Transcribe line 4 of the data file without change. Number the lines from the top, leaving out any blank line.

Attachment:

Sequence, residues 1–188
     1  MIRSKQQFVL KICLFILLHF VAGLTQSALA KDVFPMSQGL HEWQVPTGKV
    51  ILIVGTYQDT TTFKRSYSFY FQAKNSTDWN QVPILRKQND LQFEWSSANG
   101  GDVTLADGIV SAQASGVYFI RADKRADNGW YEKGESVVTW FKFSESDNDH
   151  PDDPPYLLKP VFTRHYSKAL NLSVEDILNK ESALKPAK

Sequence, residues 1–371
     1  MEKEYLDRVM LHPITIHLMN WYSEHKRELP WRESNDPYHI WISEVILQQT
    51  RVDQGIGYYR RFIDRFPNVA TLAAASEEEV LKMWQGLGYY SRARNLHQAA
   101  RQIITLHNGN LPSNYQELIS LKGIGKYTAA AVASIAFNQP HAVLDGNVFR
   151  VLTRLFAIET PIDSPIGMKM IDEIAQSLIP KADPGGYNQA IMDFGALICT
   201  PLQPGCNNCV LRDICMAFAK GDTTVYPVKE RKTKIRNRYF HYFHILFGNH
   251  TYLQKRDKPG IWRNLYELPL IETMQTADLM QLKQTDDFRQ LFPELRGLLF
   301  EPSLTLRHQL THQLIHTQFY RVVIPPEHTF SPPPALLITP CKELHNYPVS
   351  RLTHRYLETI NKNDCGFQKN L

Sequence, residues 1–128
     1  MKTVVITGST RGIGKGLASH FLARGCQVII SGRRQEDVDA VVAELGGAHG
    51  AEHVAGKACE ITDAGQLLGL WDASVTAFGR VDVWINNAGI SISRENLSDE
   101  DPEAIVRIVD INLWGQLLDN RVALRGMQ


   101  GDVTLADGIV SAQASGVYFI RADKRADNGW YEKGESVVTW FKFSESDNDH